After your home is sold at foreclosure auction, the lender is ready for you to move out.
Chapter 13 Bankruptcy can Provide Time to Pay Off Your Debts
Qualification Requirements for Chapter 13
In order to qualify for a Chapter 13 bankruptcy you must be a wage-earner. You can file for Chapter 13 bankruptcy only if you have a relatively steady source of income.
A Chapter 13 bankruptcy establishes a plan for fixed payments over a number of years. This plan effectively refinances your debt and allows you to meet your living expenses before paying off creditors.
The fixed payments are calculated to pay off a percentage of your pre-bankruptcy debt, including back house payments at an affordable rate. In order to keep your house, you need to keep up with your regular house payments while you make your plan payments.
Length of Chapter 13 Plan
The bankruptcy court may allow you three to five years to catch up on your debt, depending on your income level and other factors. For the plan to work, payments to the Chapter 13 Trustee must be kept current or the court protection will be withdrawn and the lender can resume foreclosure proceedings.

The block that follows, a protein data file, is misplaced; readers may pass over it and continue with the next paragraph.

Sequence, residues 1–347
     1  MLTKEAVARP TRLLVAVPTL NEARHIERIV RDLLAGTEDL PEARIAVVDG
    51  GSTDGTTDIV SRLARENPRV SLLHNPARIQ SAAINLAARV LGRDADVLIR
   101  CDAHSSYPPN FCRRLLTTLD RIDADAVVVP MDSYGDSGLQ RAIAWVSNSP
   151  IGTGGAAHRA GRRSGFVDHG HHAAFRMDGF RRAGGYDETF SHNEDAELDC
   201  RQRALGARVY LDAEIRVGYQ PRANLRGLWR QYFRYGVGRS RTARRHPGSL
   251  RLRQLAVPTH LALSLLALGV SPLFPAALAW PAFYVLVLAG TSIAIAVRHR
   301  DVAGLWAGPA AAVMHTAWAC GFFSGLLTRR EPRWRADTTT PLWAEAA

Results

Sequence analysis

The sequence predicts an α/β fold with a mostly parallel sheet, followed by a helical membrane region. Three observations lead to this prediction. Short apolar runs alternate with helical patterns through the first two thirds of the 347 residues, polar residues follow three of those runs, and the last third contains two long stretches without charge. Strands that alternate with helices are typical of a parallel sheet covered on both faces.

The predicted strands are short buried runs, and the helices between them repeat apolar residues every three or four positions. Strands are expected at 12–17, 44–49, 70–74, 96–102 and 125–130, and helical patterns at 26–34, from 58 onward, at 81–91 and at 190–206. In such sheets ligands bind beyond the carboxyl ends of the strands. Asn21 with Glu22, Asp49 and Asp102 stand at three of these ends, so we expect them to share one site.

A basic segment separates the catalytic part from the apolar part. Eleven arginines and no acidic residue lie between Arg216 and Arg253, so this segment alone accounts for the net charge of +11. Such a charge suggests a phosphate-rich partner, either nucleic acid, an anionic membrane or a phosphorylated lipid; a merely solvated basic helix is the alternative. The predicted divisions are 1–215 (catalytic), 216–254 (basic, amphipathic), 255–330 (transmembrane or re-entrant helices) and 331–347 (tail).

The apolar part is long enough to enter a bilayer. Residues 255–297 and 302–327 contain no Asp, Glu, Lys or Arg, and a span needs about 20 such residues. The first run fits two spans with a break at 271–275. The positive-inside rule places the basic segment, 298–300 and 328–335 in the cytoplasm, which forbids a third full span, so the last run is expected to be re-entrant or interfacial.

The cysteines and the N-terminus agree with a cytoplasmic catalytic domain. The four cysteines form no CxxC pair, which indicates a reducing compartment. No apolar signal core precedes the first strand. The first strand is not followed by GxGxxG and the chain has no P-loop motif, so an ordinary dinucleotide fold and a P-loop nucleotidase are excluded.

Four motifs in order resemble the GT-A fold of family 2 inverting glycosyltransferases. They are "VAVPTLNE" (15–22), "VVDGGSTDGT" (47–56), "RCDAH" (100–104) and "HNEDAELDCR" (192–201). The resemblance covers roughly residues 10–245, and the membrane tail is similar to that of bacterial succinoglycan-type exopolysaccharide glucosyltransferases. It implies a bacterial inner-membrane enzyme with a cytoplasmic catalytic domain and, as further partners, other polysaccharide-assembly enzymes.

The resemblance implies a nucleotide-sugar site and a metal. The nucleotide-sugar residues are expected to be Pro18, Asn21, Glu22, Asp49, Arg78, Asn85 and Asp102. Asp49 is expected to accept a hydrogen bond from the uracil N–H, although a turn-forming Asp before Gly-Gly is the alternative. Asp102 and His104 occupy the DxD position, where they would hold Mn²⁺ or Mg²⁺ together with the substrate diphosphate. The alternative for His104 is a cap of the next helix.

There are a number of other advantages of Chapter 13 bankruptcy.
Unfortunately, over two-thirds of Chapter 13 filers cannot follow their plans and make their scheduled payments. A missed plan payment might follow an unexpected event, such as a divorce or serious illness.
Which is better for your credit, foreclosure or bankruptcy?
Surprisingly, a foreclosure appearing on your credit report may be worse than a Chapter 13 filing. After successfully completing a Chapter 13 plan, you might be in the position to refinance your home or sell and purchase a new home.
If for whatever reason you just want to postpone the foreclosure of your home rather than save it, you can consider a Chapter 7.
You may also want to consider checking out a LegalMatch attorney. Their attorney’s are prescreened and the initial consultation is free and confidential. For further information about foreclosure read The Foreclosure Survival Guide: Keep Your House or Walk Away With Money in Your Pocket